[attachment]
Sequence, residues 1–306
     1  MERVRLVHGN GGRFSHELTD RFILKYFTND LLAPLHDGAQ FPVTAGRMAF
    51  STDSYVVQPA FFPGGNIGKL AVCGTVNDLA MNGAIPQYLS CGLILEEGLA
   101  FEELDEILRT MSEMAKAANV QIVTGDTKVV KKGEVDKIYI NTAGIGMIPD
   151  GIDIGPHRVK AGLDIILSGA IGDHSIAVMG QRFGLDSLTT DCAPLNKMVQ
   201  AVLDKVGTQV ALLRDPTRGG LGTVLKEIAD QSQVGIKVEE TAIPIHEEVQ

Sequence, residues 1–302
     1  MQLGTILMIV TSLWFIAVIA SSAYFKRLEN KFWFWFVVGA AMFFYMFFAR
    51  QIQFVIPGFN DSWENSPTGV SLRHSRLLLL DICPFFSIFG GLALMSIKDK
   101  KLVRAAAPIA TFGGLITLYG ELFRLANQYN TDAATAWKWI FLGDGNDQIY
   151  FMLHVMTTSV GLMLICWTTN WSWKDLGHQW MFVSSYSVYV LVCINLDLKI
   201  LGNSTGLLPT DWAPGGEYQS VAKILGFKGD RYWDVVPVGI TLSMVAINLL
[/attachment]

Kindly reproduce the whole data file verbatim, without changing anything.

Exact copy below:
Sequence, residues 1–306
     1  MERVRLVHGN GGRFSHELTD RFILKYFTND LLAPLHDGAQ FPVTAGRMAF
    51  STDSYVVQPA FFPGGNIGKL AVCGTVNDLA MNGAIPQYLS CGLILEEGLA
   101  FEELDEILRT MSEMAKAANV QIVTGDTKVV KKGEVDKIYI NTAGIGMIPD
   151  GIDIGPHRVK AGLDIILSGA IGDHSIAVMG QRFGLDSLTT DCAPLNKMVQ
   201  AVLDKVGTQV ALLRDPTRGG LGTVLKEIAD QSQVGIKVEE TAIPIHEEVQ

Sequence, residues 1–302
     1  MQLGTILMIV TSLWFIAVIA SSAYFKRLEN KFWFWFVVGA AMFFYMFFAR
    51  QIQFVIPGFN DSWENSPTGV SLRHSRLLLL DICPFFSIFG GLALMSIKDK
   101  KLVRAAAPIA TFGGLITLYG ELFRLANQYN TDAATAWKWI FLGDGNDQIY
   151  FMLHVMTTSV GLMLICWTTN WSWKDLGHQW MFVSSYSVYV LVCINLDLKI
   201  LGNSTGLLPT DWAPGGEYQS VAKILGFKGD RYWDVVPVGI TLSMVAINLL